Kauikeaouli’s 100th birthday at Kawaiahao Church, 1914.


Hawaiians Celebrate Centenary of Kamehameha III with Impressive Ceremony—Queen Liliuokalani Unveils Tablet to Mark Birthplace of Beloved Monarch

(From Wednesday Advertiser.)

The centenary of Kauikeaouli, Kamehameha III, was celebrated yesterday at Kawaiahao Church under the auspices of the Daughters of Hawaii. This old church, that has witnessed so many of the royal ceremonials of the Hawaiian people, was taxed to the utmost of its seating capacity. More than twenty-six hundred persons viewed the unveilling of the memorial tablet which had been prepared by the Daughters of Hawaii to mark the birthplace of “The Generous King” at Keauhou, in Kai-malino, Hawaii.

The tablet was hidden from view by the Royal Standard of Liliuokalani and a Hawaiian flag, both the property of and loaned by Hawaii’s venerable ex-queen for the sacred ceremonial.

The Queen and High Chiefess Elizabeth Kekaaniau Pratt, both of whom are lineal descendants of Keawe, the ancient king of Hawaii, and founder of the Kamehameha dynasty, were seated on either side of the memorial stone in the nave of the church. The palace chairs in which they sat were draped with ancient Hawaiian feather capes of priceless value.

Oldtime Dignitaries Attend.

Back of the Queen and High Chiefess Pratt were High Chiefs Beckley and Hoapili, clad in the ceremonial feather cloaks and helmets of the Royal Courtiers. High Chief Fred Kahapula Beckley, the spear-bearer, is a direct descendant through his father’s side from Kameeiamoku. High Chief Albert Kalaninoanoa Hoapili, the kahili bearer, is a lineal descendant of Kamanawa, the royal kahili bearer. These two therefore, in yesterday’s ceremony represented the spear-bearer and kahili bearer who are shown on the Hawaiian coat of arms and are descendants of the two chief court alii of Kamehameha I.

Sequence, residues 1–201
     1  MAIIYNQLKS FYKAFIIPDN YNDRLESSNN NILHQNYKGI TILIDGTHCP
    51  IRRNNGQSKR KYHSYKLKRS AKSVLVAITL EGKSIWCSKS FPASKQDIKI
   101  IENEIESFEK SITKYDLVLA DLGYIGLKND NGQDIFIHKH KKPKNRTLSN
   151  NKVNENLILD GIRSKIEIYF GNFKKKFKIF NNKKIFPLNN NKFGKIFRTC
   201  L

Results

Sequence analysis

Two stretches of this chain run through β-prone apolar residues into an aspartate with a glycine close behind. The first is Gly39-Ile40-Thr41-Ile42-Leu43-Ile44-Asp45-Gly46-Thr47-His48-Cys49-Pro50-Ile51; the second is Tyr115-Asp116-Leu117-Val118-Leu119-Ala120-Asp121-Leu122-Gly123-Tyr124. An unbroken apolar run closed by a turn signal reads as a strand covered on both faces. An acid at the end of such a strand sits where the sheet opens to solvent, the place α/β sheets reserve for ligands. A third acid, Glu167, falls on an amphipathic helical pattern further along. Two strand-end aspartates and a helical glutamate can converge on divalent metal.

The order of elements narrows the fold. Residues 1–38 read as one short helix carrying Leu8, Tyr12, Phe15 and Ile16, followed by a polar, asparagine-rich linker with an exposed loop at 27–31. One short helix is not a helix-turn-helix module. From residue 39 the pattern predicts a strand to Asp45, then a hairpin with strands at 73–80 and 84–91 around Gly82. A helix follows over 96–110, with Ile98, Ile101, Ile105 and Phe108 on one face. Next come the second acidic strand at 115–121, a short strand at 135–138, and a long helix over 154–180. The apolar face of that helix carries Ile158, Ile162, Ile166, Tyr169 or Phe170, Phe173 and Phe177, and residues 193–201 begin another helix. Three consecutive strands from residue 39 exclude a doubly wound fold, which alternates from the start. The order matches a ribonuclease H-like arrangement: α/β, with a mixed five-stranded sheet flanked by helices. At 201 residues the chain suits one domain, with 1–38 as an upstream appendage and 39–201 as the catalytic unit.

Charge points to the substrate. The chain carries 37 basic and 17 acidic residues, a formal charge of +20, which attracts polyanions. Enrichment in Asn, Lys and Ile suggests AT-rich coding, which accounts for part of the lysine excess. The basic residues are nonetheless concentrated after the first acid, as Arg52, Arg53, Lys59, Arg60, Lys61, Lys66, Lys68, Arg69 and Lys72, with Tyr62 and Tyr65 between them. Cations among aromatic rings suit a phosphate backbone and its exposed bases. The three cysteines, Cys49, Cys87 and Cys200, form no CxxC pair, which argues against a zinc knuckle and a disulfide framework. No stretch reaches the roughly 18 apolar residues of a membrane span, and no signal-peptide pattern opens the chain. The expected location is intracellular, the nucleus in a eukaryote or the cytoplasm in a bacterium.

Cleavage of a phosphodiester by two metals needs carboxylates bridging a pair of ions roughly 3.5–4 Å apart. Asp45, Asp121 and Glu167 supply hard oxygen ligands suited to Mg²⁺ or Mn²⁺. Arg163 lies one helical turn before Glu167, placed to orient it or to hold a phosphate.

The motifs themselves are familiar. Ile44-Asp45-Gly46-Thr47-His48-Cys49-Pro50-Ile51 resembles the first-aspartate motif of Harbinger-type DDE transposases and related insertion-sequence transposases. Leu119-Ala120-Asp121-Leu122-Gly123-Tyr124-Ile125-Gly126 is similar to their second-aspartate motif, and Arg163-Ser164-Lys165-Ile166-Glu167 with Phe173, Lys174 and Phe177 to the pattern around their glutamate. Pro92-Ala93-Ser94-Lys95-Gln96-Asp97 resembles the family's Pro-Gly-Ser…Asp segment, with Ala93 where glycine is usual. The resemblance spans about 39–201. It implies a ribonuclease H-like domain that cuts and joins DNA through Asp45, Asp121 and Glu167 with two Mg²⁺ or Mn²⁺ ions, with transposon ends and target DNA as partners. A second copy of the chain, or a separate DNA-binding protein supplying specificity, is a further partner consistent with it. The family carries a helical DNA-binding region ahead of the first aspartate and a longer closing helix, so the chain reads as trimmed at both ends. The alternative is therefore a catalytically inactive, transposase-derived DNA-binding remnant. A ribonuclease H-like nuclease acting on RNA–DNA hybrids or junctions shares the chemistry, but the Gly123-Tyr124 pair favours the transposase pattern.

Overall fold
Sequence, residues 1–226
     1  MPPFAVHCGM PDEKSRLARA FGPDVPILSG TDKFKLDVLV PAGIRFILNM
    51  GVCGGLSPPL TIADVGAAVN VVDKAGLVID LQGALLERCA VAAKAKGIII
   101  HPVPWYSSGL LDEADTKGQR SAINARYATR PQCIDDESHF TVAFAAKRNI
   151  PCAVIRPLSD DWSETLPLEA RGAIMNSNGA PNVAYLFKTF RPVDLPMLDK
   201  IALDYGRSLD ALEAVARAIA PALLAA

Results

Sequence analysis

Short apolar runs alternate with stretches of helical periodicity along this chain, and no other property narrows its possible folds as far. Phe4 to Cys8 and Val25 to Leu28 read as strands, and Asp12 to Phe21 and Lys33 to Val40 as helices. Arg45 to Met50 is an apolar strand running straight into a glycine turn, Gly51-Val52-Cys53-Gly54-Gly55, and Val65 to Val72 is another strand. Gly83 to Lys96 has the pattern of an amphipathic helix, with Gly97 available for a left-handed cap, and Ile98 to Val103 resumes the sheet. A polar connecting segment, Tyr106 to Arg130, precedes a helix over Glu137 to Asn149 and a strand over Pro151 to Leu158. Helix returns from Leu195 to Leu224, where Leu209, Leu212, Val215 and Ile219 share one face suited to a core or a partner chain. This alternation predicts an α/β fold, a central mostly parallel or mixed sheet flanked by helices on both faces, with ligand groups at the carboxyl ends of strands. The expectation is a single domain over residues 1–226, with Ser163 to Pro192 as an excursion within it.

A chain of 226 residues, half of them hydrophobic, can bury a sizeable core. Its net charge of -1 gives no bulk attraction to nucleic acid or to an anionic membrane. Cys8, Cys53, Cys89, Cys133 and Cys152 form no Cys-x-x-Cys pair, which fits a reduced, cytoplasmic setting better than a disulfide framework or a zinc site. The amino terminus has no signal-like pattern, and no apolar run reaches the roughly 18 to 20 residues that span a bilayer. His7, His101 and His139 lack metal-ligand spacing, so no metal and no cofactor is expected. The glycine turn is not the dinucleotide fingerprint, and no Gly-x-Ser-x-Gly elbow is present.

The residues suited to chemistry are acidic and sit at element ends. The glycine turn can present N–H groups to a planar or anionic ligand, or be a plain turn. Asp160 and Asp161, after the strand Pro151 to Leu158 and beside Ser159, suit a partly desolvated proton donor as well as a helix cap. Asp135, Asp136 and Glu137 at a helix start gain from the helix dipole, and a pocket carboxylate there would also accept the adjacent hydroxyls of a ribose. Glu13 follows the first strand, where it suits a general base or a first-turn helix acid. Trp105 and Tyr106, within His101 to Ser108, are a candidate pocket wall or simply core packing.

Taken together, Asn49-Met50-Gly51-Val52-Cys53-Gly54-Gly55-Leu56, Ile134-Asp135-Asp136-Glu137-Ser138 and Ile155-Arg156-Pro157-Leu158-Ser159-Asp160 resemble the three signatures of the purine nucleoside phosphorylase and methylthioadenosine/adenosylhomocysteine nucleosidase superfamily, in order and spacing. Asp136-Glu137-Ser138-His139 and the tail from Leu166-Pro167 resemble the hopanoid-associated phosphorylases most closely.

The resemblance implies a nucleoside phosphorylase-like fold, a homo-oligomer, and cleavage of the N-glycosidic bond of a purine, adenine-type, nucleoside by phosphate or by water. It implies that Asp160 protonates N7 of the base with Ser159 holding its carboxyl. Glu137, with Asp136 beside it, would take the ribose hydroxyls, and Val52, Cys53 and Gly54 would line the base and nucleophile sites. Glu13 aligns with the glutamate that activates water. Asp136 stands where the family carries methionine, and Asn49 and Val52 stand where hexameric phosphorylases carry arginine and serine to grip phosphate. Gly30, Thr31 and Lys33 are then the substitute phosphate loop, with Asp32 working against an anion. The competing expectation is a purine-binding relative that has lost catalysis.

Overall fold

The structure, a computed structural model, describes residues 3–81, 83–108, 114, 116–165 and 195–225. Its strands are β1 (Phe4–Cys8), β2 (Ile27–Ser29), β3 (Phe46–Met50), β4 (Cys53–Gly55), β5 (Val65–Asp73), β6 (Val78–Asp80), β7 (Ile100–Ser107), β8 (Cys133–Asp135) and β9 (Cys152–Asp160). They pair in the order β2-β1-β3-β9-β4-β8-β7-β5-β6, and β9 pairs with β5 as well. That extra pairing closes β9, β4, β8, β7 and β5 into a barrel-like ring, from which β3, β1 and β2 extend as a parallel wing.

On either side of the royal court representatives were the kahili bearers in ordinary, sixteen young men from the Kamehameha School for Boys, robed in feather capes and the costumes of the warrior of old, representative of the court attendants.

The chancel and pulpit were tastefully decorated with beautiful ferns and palms while above was the Royal Standard of Kalakaua and the Hawaiian flags, both now the property of and loaned by the Kapiolani Estate.

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